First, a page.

Is The Violence And Sorrow Of The World Too Strong For Art?

Somewhat apropos of the whole value of arts theme of my posts this week, novelist Michael Chabon had a letter titled “What’s the Point,” printed in The Paris Review announcing that he would be stepping down after 9 years as Chairman of the Board at the MacDowell Colony.

When he starts out, he basically sounds defeated, observing that despite overcoming his introverted tendencies to advance the slogan that, “MacDowell makes a place in the world for artists, because art makes the world a better place,” the world is much worse now than 9 years ago.

Or, I wonder if it’s possible that I was wrong, that I’ve always been wrong, that art has no power at all over the world and its brutalities, over the minds that conceive them and the systems that institutionalize them.

[,,,]

Maybe the world in its violent turning is too strong for art. Maybe art is a kind of winning streak, a hot hand at the table, articulating a vision of truth and possibility that, while real, simply cannot endure. Over time, the odds grind you down, and in the end the house always wins.

Or maybe the purpose of art, the blessing of art, has nothing to do with improvement, with amelioration, with making this heartbreaking world, this savage and dopey nation, a better place.

As he goes on, his tone shifts:

All the world’s power over us lies in its ability to persuade us that we are powerless to understand each other, to feel and see and love each other, and that therefore it is pointless for us to try. Art knows better, which is why the world tries so hard to make art impossible, to immiserate artists, to ban their work, silence their voices, and why it’s so important for all of us to, quite simply, make art possible.

The metaphors he uses defending the value of art revolve around the personal experience and connection. This dovetails with the concept raised in yesterday’s post that people don’t believe in the value of arts and culture in their lives unless they or a loved or a loved one has a direct experience.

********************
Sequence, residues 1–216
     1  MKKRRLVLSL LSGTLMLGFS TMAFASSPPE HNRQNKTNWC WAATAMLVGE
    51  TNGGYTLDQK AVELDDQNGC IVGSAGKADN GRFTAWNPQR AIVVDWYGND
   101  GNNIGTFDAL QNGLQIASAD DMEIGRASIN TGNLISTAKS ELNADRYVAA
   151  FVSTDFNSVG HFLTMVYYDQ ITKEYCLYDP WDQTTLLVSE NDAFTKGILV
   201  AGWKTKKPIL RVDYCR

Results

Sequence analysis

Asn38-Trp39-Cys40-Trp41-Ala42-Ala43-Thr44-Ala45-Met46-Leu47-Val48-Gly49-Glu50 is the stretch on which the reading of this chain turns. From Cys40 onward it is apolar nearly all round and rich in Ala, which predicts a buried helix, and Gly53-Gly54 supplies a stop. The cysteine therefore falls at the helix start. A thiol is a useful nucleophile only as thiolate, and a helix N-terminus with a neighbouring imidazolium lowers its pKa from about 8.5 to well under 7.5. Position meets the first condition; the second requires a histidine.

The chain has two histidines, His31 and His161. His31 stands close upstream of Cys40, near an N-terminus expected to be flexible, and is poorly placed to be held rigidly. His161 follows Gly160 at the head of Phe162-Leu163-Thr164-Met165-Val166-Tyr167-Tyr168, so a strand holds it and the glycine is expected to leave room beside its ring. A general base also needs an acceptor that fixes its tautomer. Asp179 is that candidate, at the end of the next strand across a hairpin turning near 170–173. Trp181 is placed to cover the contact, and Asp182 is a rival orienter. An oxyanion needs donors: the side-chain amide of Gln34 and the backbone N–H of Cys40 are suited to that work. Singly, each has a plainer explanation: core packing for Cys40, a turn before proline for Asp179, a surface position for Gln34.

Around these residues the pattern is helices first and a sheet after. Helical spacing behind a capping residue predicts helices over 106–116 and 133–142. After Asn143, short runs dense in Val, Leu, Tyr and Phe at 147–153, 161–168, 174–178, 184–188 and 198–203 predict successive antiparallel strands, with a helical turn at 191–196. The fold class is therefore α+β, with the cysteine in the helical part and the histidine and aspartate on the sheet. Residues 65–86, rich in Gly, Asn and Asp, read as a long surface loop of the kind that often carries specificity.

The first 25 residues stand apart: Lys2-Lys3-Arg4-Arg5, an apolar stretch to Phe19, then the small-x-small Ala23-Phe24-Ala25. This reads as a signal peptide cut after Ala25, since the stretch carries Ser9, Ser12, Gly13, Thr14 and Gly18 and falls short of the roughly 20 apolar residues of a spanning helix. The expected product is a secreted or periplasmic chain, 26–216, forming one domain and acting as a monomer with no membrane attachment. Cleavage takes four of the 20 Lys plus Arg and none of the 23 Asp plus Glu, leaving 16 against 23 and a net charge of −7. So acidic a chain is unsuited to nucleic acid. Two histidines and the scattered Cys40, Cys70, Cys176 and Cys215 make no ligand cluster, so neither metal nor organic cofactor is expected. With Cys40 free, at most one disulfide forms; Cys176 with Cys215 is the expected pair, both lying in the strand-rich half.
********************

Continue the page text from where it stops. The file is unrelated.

I don’t know why, but there was something about his prose that put me in mind of the “Yes, Virginia, There Is A Santa Claus” letter. My inner monologue commented, “Yes, but the situation is much darker and more cynical than back then.”

I looked up the Yes, Virginia letter and found it had a lot of parallels to my recent posts.

I forgot the letter started out referencing, “the skepticism of a skeptical age.”  And maybe I subliminally made a connection with the idea of people only giving credence to things they personally experienced because Francis Church continues, “They do not believe except they see. They think that nothing can be which is not comprehensible by their little minds.”

And then of course, the passage that pretty much describes the aspirations of those in the arts, culture and creative field:

You may tear apart the baby’s rattle and see what makes the noise inside, but there is a veil covering the unseen world which not the strongest man, nor even the united strength of all the strongest men that ever lived, could tear apart. Only faith, fancy, poetry, love, romance, can push aside that curtain and view and picture the supernal beauty and glory beyond. Is it all real? Ah, VIRGINIA, in all this world there is nothing else real and abiding.

I have to say, I didn’t start out to write an optimistic post. I actually felt Chabon moved to feel-good sentimentality out of a sense of obligation to end on a higher note.

That his letter evoked memories of another letter I was moved to seek out and I was delighted to find alignment in everything I talked about this week sort of proves Chabon’s point I guess.